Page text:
Technologies (MDT) and Stanford University today announced a nanotechnology
research program to further the development and application of a new class
of nanomaterials derived from petroleum.
The Stanford-Chevron Program for Diamondoid Nanoscience will build upon
recent discoveries by researchers at MDT and leverage the world-class
research capabilities of Stanford. The four-year research program will
foster development of diamondoids, a diamond-like molecule that has
potential applications in a variety of industries.
"Chevron's collaboration with Stanford and its research teams will
significantly accelerate our knowledge of diamondoids and help to unlock
their potential," said Don Paul, vice president and chief technology
officer, Chevron Corporation. MDT is a unit of Chevron Technology Ventures
LLC, which is a wholly owned subsidiary of Chevron Corporation.
"Nanoscience and nanotechnology are important new research areas that
attract national attention, as reflected in the federal nanoscience
initiative," says Arthur Bienenstock, Stanford's vice provost and dean of
research and graduate policy. "The collaboration between Stanford and
Chevron is an example of a university-industry partnership to advance this
Diamondoids: An Innovative, High-Tech Use for Petroleum
Diamondoids, each less than a billionth of a billionth of a carat in
size, offer distinct advantages as a new class of nanomaterials, said Dr.
Frederick Lam, business development director for MDT.
"Diamondoids derived from petroleum have the potential to affect
multiple industries such as energy, electronics, biopharmaceuticals, even
consumer goods. And because MolecularDiamond Technologies is a part of a
major petroleum company we have the advantage of a more reliable, higher
quality supply compared to traditional sources of nanomaterials," Lam said.
"Diamondoids are exciting materials as they have the novelty of both
diamond and nanostructures," said Zhi-Xun Shen, director of Geballe
Laboratory for Advanced Materials and professor of physics at Stanford.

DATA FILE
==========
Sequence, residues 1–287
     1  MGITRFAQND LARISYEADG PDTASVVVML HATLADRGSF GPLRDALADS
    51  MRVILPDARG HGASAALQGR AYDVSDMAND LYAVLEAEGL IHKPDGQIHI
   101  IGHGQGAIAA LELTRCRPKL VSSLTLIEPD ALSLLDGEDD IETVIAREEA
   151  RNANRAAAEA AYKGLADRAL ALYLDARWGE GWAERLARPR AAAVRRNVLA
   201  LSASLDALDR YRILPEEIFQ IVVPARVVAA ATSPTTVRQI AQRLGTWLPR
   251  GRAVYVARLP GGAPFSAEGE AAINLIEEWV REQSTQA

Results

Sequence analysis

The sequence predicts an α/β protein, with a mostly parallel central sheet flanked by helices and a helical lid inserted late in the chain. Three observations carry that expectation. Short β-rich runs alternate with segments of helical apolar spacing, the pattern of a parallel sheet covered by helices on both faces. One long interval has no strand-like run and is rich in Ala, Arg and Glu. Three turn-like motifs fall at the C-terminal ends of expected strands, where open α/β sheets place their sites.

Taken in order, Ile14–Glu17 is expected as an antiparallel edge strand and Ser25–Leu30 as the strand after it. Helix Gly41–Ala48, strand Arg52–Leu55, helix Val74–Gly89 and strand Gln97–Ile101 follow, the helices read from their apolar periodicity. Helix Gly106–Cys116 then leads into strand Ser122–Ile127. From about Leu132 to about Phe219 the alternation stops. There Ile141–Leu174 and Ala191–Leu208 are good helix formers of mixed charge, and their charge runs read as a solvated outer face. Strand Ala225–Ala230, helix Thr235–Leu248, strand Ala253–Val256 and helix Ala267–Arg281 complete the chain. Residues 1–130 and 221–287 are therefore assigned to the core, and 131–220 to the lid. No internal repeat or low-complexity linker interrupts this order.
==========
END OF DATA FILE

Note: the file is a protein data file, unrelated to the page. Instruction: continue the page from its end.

"The breakthrough by researchers at MolecularDiamond Technologies in
isolating diamondoids in large quantities from petroleum makes it possible
for in-depth scientific exploration and large-scale applications. The
materials, expertise and the funding from Chevron will greatly accelerate
the progress of our research and the development of this emerging field."
Research Efforts to Facilitate Near- and Long-term Commercial
Since 2003, scientists at MDT have scaled up production of diamondoids
to create a sufficient quantity for advanced application research and
"The Stanford-Chevron program will significantly facilitate our goals
to better understand diamondoids and may help over the longer term to
develop commercial applications, particularly in the opto-electronic area.
We are looking forward to leveraging the world-class research expertise and
facilities at Stanford," said Dana Flanders, president of Chevron
Technology Ventures LLC.
Stanford-Chevron Program Focus
The Stanford-Chevron research program will be led by Stanford
professors Shen and Nick Melosh from the Materials Science Department and
assistant professor Hari Manoharan from the Physics Department. The
research program will initially focus on several efforts:
- Understanding the fundamental electronic properties of diamondoids,
which could eventually lead to their use in electronic applications for the
- Imaging individual diamondoid molecules and probing them
electronically with scanning electron microscopy technology.
- Creating a variety of self-assembled monolayers and other methods to
grow oriented crystals on top of monolayers.